A circuit invented by Grant Richter, and offered by several modular synthesizer manufacturers. The Miniwave can perform several different functions, but it is mostly used as a digital VCO, capable of producing a much wider variety of waveforms than analog VCOs.
The Miniwave contains wavetables stored in read only memory, and takes a phasor control voltage input. When used as a VCO, the user selects a waveform from the memory, and then a sawtooth wave drives the phasor input. At any given moment, the voltage value at the phasor input selects a word from the wavetable, which is converted to a voltage at the Miniwave's output. The sawtooth wave sweeps through the memory from the beginning to the end, causing the stored waveform to be reproduced at the output.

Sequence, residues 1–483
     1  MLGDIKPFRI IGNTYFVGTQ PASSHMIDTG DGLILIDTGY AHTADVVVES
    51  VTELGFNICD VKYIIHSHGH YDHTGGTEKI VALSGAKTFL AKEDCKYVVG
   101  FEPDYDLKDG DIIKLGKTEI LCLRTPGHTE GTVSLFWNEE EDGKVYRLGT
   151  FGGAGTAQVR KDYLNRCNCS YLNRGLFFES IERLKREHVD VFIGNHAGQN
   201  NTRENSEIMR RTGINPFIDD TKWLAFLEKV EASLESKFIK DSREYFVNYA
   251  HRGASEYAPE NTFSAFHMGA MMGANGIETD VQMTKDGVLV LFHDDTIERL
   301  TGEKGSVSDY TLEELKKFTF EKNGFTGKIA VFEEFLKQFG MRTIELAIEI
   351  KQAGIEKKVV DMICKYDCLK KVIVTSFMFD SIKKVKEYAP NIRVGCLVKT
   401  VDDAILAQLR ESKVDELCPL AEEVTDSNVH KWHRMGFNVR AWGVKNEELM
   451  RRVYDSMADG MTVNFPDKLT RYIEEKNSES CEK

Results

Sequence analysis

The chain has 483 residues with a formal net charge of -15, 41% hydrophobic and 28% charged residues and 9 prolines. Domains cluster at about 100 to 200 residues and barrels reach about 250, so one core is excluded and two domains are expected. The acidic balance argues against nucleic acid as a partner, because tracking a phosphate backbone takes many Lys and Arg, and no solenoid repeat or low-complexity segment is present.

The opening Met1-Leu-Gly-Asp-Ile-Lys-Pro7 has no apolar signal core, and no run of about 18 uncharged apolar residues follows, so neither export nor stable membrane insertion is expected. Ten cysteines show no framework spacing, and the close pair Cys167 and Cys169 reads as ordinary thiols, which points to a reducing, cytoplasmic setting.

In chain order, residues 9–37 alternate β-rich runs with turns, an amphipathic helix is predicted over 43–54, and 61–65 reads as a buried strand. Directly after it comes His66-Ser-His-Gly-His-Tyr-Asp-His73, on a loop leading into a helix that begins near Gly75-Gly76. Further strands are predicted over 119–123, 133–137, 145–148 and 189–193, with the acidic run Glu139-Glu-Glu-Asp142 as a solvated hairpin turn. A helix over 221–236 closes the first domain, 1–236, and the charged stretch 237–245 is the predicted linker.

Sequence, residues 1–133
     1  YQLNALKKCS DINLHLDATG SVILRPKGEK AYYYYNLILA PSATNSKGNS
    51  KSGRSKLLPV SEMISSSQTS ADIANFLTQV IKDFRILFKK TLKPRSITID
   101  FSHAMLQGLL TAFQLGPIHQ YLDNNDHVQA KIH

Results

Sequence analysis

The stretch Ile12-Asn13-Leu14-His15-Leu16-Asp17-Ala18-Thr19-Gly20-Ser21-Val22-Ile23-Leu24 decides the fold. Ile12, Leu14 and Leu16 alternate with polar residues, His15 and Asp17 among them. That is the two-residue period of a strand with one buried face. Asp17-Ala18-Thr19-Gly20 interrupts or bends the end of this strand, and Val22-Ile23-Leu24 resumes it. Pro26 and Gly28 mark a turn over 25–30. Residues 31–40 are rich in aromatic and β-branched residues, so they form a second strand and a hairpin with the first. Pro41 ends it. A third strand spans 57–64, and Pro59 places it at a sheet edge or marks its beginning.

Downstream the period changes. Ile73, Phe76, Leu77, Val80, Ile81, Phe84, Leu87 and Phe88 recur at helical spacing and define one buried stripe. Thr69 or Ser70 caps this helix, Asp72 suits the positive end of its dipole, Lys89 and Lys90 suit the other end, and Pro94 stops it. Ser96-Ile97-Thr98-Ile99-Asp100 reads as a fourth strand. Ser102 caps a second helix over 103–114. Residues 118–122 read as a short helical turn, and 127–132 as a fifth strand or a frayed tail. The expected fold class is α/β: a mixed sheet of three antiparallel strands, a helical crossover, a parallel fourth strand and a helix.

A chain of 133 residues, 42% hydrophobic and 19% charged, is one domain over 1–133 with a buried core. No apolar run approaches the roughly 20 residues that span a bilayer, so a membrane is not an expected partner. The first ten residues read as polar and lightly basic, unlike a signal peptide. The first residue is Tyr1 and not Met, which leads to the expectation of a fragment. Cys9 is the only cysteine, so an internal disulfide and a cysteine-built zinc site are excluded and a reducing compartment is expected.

Based on this description, one can see that the Miniwave requires a VCO or some other timing source to drive it. Some Miniwaves contain conventional VCOs which drive the wavetable phasor input, but others require an external source. The advantage to using an external source is that waveforms other than sawtooth can be used to produce different distortions and effects. If a triangle wave is fed to the phasor input, the effect it will have is that the waveform alternately plays back forwards and then backwards. If a sine wave is used, not only will the waveform play forwards and backwards, but also phase modulation of the output waveform will occur, since the sine wave does not increase or decrease at a constant rate.
Other uses of the Miniwave are possible; for instance, using special ROMs that contain staircase waveforms, the Miniwave can act as a quantizer. Some Miniwaves have an input for voltage control of the selected wavetable, as well as bank switching arrangements that allow multiple banks of waveform ROMs to be loaded.